This programming-centric view does software development no favours. By excluding other roles from the language we use, we also exclude them from how we think about the process. The piles of startup corpses strewn along the road to business success are a testiment to how ignoring things like user needs, market fit, and usability will scuttle even the best coded piece of software. Recent findings by GitHub show that excluding documentation from the process has negative effects on the adoption of and contributions to free and open source software projects, no matter how well architected their APIs.

The biggest loser in this “cult of the coder,” though, is the end user. The poor unfortunate souls who struggle to use a UI created by someone inexperienced in the skill, who growl in frustration as yet again a software service updates without a much requested feature, who are astounded by Internet of Things products with no concept of security, who puzzle out and reverse engineer undocumented installation steps. So much productivity, opportunity, and customer good will lost because software companies often focus more on programming than on the entire software development process.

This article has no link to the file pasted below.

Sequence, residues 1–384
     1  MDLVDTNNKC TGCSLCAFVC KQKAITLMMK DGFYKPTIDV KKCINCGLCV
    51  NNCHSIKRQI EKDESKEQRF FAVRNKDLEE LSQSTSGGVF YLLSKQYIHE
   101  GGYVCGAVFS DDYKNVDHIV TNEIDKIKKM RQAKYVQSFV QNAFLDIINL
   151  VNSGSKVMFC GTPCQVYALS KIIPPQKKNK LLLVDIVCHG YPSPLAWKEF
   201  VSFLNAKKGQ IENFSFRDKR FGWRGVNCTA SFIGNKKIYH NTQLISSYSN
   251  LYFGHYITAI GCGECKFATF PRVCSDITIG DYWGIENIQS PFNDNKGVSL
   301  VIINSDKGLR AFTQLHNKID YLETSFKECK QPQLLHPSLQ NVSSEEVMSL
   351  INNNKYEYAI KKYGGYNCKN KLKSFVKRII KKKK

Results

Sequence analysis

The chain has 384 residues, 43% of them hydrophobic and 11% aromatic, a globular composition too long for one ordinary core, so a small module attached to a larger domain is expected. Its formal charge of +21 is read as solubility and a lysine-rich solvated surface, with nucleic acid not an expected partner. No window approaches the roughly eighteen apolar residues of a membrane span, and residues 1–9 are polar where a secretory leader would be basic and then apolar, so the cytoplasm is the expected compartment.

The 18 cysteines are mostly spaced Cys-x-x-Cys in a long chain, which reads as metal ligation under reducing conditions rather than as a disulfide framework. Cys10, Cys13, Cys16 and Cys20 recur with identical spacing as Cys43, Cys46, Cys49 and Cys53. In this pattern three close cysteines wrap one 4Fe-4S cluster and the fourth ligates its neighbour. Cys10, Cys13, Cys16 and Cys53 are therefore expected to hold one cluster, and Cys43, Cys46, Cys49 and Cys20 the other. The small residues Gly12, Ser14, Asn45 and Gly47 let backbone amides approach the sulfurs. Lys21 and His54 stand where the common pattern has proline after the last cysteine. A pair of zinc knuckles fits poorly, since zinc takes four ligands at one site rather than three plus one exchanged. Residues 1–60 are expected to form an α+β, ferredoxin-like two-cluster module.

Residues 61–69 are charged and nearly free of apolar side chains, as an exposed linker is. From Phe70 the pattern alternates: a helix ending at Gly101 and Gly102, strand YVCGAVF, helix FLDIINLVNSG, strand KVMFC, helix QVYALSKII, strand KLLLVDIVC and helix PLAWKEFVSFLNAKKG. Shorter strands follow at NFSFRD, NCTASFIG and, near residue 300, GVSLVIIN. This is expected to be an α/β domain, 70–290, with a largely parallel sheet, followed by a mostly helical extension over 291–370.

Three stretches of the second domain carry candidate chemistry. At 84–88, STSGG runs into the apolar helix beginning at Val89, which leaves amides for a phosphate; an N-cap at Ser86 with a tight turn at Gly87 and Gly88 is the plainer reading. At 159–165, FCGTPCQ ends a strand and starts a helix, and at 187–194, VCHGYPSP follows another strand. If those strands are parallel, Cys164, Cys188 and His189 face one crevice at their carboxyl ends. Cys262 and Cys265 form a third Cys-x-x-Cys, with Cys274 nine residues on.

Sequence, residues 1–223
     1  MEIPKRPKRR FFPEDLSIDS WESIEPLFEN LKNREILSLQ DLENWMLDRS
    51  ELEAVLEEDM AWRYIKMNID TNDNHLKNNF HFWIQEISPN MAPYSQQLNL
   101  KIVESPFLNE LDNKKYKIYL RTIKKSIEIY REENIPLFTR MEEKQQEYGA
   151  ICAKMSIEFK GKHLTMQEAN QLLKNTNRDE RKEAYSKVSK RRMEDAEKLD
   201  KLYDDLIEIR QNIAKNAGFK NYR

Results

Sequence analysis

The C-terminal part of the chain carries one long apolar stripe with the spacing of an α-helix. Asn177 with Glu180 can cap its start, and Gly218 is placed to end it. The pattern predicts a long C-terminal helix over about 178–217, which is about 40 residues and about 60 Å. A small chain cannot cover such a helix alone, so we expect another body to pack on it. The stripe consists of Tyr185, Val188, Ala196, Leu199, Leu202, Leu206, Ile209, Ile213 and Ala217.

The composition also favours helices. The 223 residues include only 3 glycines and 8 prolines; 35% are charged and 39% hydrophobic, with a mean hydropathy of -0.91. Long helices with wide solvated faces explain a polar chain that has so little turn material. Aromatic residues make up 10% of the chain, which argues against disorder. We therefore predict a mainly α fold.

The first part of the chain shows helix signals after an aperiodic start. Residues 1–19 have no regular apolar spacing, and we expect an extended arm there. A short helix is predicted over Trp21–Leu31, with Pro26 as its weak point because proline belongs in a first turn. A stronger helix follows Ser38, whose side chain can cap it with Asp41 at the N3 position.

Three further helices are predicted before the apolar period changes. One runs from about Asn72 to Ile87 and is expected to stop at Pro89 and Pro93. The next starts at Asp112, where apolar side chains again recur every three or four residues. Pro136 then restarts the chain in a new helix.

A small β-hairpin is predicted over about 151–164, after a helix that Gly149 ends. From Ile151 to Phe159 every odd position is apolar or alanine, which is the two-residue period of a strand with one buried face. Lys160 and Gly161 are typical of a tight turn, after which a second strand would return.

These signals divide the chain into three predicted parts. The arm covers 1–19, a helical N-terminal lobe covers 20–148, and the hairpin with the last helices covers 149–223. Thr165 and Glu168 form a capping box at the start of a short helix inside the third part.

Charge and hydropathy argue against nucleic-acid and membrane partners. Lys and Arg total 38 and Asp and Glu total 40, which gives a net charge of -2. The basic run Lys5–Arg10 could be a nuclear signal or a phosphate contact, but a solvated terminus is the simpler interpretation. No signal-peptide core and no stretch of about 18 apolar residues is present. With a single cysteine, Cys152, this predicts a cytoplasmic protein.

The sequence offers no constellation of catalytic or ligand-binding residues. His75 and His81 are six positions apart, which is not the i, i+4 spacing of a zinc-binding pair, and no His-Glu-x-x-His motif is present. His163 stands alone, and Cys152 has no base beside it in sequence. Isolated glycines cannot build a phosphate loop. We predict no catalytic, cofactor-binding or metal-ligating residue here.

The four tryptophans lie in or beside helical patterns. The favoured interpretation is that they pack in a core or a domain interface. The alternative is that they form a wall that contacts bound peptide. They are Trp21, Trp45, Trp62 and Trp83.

Don’t get me wrong: I love programmers. I’ve spent most of the last ten years of my life leading programming teams and departments. Programming is a highly specialised and ever changing part of the industry. It’s populated by some of the most clever, most inspiring, and kindest people with whom I have ever had the honour to work. It is not the fault of programmers that the language shifted around them. It is the fault of our industry, our community, and our culture.

We can do better. We can do better for the end user, for programmers, and for everyone involved with or impacted by software development. It all starts with changing our perceptions through language.

Let’s start to shift the language back and reclaim the term “developer” for all who participate in this complex process rather than just the programmers. Let’s evolve the mindset back toward one where we recognise the contributions of all of the roles which contribute to delivering and supporting a successful software project. Let’s call a programmer a programmer and just get back to work creating software which changes peoples’ lives in valuable ways.